Lively and relevant information on sustainable living from a variety of contributors.
January 12, 2009; Cooking Up a Story is growing, and we are in the midst of some major changes that we hope you will like. One of the changes we are building toward involves bringing on regular contributors; people of passion, knowledge, and expertise within the food and sustainability movement to share their unique perspectives, and information. The operative word is “share”; not a one-way communication, but a catalyst for rich interaction and discovery to benefit all of us.
In the coming weeks and months ahead, you will see a brand new Cooking Up A Story site, an increasing number of both guest contributors and regular contributors, and the best tools we can bring to the site to promote the sharing of ideas, communication, and rich multimedia displays. The difference between guest and regular contributors when the new site goes live in February (stay tuned for the official launch date), the guest contributors (those seeking their own CUpS channels), will be chosen in part, by the feedback of the community. There will also be guest contributors who generously provide information (from time to time), but who do not wish to make regular contributions.
TwoJunes: Appearing Tuesday Mornings on Cooking Up a Story
Our first guest contributors are two women with diverse backgrounds in the food industry, and have figured out how to balance their professional lives, with their home life: preparing, fresh wholesome meals, much of it from their own food garden. In the spirit of CUpS, rather than a formal introduction to the TwoJunes from us, they will introduce themselves shortly. Lisa Bell has been a pastry chef, recipe developer, food stylist, and a food scientist, and now works as a freelance producer, writer and editor (and yes, she will be producing some food videos too). Nicole Rees is a food writer, and cookbook author (Baking UnPlugged), and currently works as a baking scientist.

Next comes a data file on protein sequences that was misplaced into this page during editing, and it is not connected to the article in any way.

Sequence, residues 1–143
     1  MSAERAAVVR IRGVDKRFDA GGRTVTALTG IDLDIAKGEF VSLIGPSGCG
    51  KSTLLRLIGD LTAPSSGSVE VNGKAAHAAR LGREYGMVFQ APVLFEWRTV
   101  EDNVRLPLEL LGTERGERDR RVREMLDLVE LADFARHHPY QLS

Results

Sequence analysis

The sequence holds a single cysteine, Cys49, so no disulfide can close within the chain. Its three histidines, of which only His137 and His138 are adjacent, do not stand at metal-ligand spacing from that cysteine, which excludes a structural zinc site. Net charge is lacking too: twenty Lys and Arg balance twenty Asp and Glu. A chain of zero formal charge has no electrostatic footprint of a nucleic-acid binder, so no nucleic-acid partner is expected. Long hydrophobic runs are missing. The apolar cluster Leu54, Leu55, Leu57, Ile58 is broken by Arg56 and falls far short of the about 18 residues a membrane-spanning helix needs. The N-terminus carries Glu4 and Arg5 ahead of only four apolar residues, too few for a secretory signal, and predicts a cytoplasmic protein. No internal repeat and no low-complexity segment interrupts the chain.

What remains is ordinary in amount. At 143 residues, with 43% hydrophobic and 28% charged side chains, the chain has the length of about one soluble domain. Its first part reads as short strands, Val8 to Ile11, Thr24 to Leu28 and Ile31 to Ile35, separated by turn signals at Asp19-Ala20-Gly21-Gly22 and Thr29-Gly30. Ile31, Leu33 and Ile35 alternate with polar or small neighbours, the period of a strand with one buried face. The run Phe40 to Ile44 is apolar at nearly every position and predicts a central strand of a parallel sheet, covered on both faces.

In their own words, introducing the TwoJunes:
We cook every day, from scratch, a life that seems perfectly normal to us. Doesn’t everyone tend a vegetable garden? Compost? Make stock and preserves? Save bacon and duck fat? Make dog food? Put up kumquats and crab apples? Well, no, apparently not. Jaws drop when we describe anything related to our kitchen life.
Don’t get us wrong. Nicole has a weakness for cheap, artificially-flavored candy and Lisa has yet to meet a potato chip she didn’t like. But…there are no cans of soup in our house, no prepared salad dressings, no microwave meals. Our vegetables are farmer’s market, home grown or organic. We buy humane meat and cook with lesser known cuts, both to reduce costs and use the whole animal.
This hyper-domestic life, even with two of us, is a lot of work—and time. We spend hours doing dishes while staring out the kitchen window into the garden. The extra effort it takes to nourish our family and friends, and cook with seasonal ingredients and humane meats is our way of trying to change the world. Slowing down and paying attention has become a way of being, cooking as a spiritual practice that grounds our home and our lives.
We’re two June Cleavers, keeping house together, and, yes, if you stop by, we’ll offer you milk and cookies.